Courage to heal a cancer of the soul
Phillip Aspinall. Weekend Australian. Canberra, A.C.T.:Nov 18, 2006. p. 26
The Anglican Church is reaching out to victims of abuse, writes Phillip
LAST weekend a newspaper headline said I had "failed to act" on sex abuse. That
is not true. The headline accompanied a story on Robert Sharwood, a priest
jailed this month for having abused a boy in the 1970s.
In January 2002, within 24 hours of the victim making a complaint against
Sharwood, the matter was reported to police. Sharwood was immediately stood
aside. He was sacked after an assessment found the victim's report was true.
After becoming Brisbane's archbishop in February 2002, I called an independent
inquiry into allegations of past mishandling of abuse complaints and opened
more than 150 cases for re-examination.
Last weekend, in discussing the 2002 actions taken, at no stage did I want to
deny the victim's pain or add to it. Rather, I wanted any remaining historic
victims of church abuse to know basic actions that the church and I took.
That the church took decades to take appropriate action in this case cannot be
forgotten, however. I entirely regret that church leaders who were told of this
abuse in the '70s didn't tell police and that proper action against the
perpetrator wasn't taken.
I regret that this no doubt deepened the pain of the victim and his family. And
I regret that trust has been so damaged as a result.
A decade or more of revelations made by victims has brought into focus the
damage inflicted by child abuse and the tragic failures of past practices in
many churches, government institutions and community groups. Thankfully, there
has been radical change.
The first decade of this new millennium has been a period of sackcloth and
ashes for all institutions soiled by historical abuse. While responses have
improved enormously, we have to accept that another consequence of past abuse
is loss of trust between church and the community. Victims shouldn't be asked,
and cannot be expected, to forget that the church got it very wrong in the
past. While the large-scale and ongoing changes to our procedures show our
resolve to tackle abuse, they give us no automatic right to victims' trust.
Some victims may be too hurt and angry to trust us again. That is sad but
understandable, even when proper actions are being taken now. Certainly the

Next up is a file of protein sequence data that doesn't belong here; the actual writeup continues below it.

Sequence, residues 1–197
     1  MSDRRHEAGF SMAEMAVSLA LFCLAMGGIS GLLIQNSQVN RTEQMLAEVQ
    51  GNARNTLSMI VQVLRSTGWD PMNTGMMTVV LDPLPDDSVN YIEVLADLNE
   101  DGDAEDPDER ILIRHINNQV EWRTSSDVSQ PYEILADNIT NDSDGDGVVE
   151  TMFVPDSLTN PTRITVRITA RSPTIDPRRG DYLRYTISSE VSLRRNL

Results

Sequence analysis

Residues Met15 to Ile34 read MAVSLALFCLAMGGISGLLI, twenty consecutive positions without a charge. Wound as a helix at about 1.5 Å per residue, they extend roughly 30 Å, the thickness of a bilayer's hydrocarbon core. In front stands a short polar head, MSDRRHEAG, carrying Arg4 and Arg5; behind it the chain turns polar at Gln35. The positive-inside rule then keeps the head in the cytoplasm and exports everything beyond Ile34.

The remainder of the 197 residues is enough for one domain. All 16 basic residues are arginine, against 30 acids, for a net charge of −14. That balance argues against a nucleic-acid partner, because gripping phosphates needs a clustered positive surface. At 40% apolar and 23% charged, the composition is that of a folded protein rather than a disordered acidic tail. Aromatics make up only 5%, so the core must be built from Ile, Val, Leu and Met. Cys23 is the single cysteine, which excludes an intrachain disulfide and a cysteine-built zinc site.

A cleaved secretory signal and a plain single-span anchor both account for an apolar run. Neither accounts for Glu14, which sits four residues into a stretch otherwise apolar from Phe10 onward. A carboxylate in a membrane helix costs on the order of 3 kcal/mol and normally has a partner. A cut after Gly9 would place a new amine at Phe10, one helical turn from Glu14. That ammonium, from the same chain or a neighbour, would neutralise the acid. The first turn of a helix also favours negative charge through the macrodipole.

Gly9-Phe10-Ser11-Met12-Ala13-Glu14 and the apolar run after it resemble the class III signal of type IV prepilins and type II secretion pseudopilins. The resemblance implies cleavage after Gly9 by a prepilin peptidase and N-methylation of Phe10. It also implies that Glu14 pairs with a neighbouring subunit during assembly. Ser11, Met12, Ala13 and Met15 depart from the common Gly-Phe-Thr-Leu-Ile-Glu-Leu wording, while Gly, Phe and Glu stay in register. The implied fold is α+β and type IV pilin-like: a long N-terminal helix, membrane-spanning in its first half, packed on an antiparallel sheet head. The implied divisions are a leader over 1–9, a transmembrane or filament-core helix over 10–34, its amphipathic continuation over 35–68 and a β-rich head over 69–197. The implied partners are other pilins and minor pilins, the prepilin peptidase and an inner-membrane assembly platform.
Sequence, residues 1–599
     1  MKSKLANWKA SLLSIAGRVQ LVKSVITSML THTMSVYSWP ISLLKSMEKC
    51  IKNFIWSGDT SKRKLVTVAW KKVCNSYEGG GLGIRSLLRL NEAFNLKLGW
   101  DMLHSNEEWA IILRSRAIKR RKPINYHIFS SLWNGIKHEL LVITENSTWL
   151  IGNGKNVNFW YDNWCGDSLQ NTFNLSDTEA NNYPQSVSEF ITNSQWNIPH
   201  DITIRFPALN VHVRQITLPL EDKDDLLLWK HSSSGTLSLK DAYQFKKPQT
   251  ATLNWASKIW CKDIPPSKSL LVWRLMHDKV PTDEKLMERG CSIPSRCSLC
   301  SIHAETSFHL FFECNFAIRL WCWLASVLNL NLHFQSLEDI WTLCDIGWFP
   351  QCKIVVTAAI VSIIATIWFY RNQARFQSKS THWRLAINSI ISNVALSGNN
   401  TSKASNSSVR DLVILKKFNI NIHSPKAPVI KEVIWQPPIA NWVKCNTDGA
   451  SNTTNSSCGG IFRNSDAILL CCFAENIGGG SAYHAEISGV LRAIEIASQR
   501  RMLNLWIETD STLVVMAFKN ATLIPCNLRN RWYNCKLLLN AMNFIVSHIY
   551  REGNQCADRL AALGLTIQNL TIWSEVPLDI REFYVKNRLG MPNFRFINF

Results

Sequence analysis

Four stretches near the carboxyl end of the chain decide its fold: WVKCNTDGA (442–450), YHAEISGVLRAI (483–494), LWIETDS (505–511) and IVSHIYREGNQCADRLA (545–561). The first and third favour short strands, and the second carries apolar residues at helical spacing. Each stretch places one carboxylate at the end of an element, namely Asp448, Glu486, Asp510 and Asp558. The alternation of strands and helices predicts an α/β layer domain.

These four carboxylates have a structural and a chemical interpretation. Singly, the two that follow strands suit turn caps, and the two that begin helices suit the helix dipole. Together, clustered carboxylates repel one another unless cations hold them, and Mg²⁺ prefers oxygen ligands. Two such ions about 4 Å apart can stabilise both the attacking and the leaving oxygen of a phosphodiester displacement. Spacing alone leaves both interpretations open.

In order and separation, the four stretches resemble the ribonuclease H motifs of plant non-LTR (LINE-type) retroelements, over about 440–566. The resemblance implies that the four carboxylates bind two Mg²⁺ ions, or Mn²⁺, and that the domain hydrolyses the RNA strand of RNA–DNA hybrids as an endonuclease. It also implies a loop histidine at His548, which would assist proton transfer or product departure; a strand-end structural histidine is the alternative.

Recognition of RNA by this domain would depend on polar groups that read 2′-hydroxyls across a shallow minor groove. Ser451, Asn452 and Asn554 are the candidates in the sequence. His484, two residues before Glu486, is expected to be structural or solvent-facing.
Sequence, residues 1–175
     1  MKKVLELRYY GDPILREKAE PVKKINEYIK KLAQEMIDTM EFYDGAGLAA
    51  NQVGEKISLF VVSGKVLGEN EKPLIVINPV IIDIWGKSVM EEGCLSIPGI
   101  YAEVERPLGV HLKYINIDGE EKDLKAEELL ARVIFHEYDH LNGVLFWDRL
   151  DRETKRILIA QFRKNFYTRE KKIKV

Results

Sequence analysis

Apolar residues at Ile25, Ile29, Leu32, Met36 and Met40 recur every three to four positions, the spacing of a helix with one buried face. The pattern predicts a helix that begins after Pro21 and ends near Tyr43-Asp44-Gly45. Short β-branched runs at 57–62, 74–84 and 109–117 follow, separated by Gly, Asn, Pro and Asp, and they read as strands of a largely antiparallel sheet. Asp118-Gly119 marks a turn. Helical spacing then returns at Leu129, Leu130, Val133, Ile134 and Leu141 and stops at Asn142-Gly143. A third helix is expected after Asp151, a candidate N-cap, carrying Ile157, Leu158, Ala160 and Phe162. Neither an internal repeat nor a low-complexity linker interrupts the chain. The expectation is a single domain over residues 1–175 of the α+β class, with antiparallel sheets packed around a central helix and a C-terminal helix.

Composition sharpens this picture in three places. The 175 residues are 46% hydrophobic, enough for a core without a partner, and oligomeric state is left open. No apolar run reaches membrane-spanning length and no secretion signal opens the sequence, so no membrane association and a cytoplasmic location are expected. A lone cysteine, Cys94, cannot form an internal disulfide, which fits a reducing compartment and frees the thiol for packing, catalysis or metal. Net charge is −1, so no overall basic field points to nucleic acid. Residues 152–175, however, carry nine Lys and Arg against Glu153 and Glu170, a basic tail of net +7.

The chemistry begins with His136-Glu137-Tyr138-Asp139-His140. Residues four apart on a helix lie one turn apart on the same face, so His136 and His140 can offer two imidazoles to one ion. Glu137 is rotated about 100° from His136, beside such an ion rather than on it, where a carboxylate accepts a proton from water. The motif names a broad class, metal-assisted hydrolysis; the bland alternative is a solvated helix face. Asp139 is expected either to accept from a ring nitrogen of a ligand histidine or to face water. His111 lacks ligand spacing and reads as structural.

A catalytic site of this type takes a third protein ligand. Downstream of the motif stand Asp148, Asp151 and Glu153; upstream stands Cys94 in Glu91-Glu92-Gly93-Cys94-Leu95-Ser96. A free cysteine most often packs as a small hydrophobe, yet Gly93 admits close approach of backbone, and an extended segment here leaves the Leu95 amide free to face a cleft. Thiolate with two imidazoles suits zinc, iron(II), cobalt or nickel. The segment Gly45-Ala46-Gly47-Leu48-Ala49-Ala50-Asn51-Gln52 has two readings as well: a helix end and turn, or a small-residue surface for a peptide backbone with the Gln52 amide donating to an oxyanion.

Australian community wants us to prove we've changed.
I recognise that there will be times when even the best processes, applied with
the utmost goodwill, sometimes break down. Such failures don't mean the system
has failed or that the bad old days have returned. They do show human beings
But the true test of change, I believe, is not that mistakes don't happen but
that church leaders are prepared to do what we can, when we can, to remedy
Church workers giving all they have to respond properly to victims of abuse can
despair in the face of unfounded criticism. When it feels to them as if nothing
they do is ever enough, I remind them that continuing suspicion is another
legacy of past abuse.
The fact perpetrators hide behind facades such as popularity, good works and
community achievements can lead to deep conflict within church communities.
There is a small, albeit significant, number of church people, including
priests and senior laypeople, who believe I have been too harsh in dealing with
people accused and found guilty of abuse. My staff and my wife have been
shocked and hurt by some attacks. This is another element of the complex and
far- reaching effects of abuse.
The bravery and dedication of victims to reveal the truth has been a godsend to
the church. That is not to say it is without pain but to acknowledge publicly a
long-held private belief. Were it not for victims' courage, abuse probably
would have continued, a cancer in the soul of the church.
Those who have revealed abuse, and persisted when ignored, have enabled a slow
process of healing to begin for themselves and for our institutions. As we
heal, we become fitter and better able to assist others, including Australian
families, where most abuse occurs.
Like most people, both within and beyond the church, I have travelled a steep
learning curve this past 10 years. I've been humbled by victims' stories. I've
seen the manipulations of pedophiles and learned that the most dangerous thing
is that they keep their crimes secret, that they hide behind a facade that
appears good, caring and trustworthy, and that they often have many victims.
Things in the church have changed greatly and are continuing to change for the
better. Our protocols in handling child abuse cases are good, are working and
are being improved. Many complaints have been dealt with. The number of old
complaints still emerging has dramatically reduced.
I hope the openness of recent years that has helped so many historic victims to
come forward may continue to encourage any remaining victims to do so as well.
We will continue to work at increasing awareness, at healing past hurt and at
protecting today's children and tomorrow's.
Phillip Aspinall is the Anglican Archbishop of Brisbane.
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